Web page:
It seems that most of us are overdue for a quick play break.

SO, I say we all take a stand together, one and all.

Playtime Pledge:

Please join me in taking the following oath.

Raise your right (or left) hand (or put one or both hands on your heart), and say:

  • “I hereby give myself permission to play”
  • “I hereby declare I will engage in playtime more than I ever thought possible”
  • “I pledge to keep incorporating play into my life, on an ongoing basis”
  • “I make this proclamation, right now, in this very moment”

Extra credit: And to really seal it in, you may wish to add the following:

Tap-tap, no erasies.”

This was something my friends and I would say on the playground at school. Once you had declared whatever it was about the game you were about to play (we’d reach a consensus about the rules for that particular game, for example, tetherball) – you would then say aloud, “tap-tap, no erasies.”

That was our little ritual which would make it clear to the group that there was no going back now, on the agreed upon stipulations.

Maybe we should apply this ritual to business negotiations, and mediations, and arbitrations, and small claims court? I’m only partially kidding. (Kidding, get it?…oh, well, puns with me are always intended…grin.)

 The importance of playtime

Now that you’ve given your adult self full permission, I invite you to let your inner child out to PLAY.

As a young one, I would take sidewalk chalk, and map out a bicycle “route” on the blacktop in our back yard. To maximize the space, I’d chalk out lines for streets that wrapped back and forth, complete with intersections and four-way stops. Then, I’d ride my bicycle through the self-drawn roads, using my imagination along the way – looking for and responding to pedestrians, other ‘motorists’ and road hazards. Sometimes friends would join me, and we would ride our bikes, criss-crossing at intersections, and allowing for merging and passing within and between “lanes”. It involved using our bodies, our minds, and our imaginations, all the while fostering all kinds of being-in-the-moment creativity.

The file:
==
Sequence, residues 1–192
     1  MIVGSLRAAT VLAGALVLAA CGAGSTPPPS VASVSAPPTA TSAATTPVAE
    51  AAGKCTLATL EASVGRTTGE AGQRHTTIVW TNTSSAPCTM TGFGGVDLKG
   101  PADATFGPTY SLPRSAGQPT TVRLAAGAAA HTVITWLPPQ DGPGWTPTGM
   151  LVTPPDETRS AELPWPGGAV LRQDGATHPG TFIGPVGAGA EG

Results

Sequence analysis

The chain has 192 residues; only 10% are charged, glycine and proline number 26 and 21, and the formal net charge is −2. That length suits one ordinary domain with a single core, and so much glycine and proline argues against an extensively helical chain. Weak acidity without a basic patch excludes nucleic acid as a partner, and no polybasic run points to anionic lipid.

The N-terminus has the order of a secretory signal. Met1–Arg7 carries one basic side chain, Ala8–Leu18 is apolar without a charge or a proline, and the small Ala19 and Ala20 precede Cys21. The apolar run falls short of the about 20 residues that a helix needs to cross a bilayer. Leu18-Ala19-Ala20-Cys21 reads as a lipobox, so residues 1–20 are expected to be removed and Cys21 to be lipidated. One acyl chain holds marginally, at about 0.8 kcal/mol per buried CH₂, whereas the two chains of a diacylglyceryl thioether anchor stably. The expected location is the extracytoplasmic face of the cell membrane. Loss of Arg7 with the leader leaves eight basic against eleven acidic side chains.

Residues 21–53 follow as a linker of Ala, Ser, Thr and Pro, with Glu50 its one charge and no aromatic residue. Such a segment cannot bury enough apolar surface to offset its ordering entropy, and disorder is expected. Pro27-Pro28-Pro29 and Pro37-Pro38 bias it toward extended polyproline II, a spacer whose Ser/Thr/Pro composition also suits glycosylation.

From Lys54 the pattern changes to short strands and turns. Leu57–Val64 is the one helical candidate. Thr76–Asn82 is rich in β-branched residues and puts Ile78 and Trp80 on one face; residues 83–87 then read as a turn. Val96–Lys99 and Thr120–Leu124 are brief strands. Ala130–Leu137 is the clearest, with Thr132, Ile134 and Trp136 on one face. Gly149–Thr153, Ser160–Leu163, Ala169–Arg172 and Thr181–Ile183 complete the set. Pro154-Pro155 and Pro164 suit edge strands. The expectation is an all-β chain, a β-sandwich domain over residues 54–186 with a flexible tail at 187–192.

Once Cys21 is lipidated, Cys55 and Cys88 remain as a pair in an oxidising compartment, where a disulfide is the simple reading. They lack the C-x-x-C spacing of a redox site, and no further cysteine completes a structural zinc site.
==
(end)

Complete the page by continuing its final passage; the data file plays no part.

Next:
When I was three, a few friends and I collaborated on-the-spot (again in the back yard) to form our own makeshift musical group. I remember taking a large plastic bucket, turning it upside down, and proceeding to bang on it with a couple of wooden spoons. I made myself the drummer in the band. We didn’t really know how to play any songs, so we just made them up! It was great fun.

~   ~   ~   ~   ~

In our goal driven society, may we all remember that the focus of play is the experience of it. There’s nothing to “achieve.”

Play is how we connect.

Additionally, play brings joy, and joy brings a renewed energy and a fresh perspective.

It also creates space. There’s no room for fear to hang out with you while you’re playing!

Challenges too have a way of working themselves out to some degree. Feeling stuck at a certain point in a project? Needing to clear out some energetic sediment that needs some composting? How about seeking a new take on a seemingly unsolvable problem?

Well-timed play breaks often result in increased productivity. Go for it! A change of scenery will do you good!

Taking a play break

Here are some ideas to get you started:

  • Pick up a box of crayons and a coloring book. Start coloring! (Coloring books for adults, by the way, are becoming increasingly popular!)
  • Arrange a night of “mini-golf” out with your friends or family.
  • Play fetch with your dog, or a neighbor’s dog.
  • Play “marco polo” in a nearby swimming pool.
  • Dance to one of your favorite up-beat music videos.
  • Swing on a swing set.
  • Look at the night time sky through a telescope.
  • Finger paint!

While engaged in these types of activities, notice the feelings they invoke…openness, expansiveness, joy, pleasure, love. When you’re in that state, just imagine all the goodness that is possible!

Ready to go play? Really, truly? Tap-tap, no erasies!

Okay, your turn:

When’s the last time you (voluntarily) stepped (or better yet jumped!) smack dab into a rain puddle? Blew bubbles? Flew a kite? Whistled?

Or, when was the last time you sat on the grass, looking up at the sky, and tried to identify the funny shapes and formations in the clouds?

When walking with a friend, when’s the last time you turned to them, and said: “Hey, I’ll race you to that telephone pole – Go!”

I invite you to share your thoughts, feelings, and experiences in the Comments section, below. Soul-to-soul!

© 2015 Lori A. Noonan. All Rights Reserved.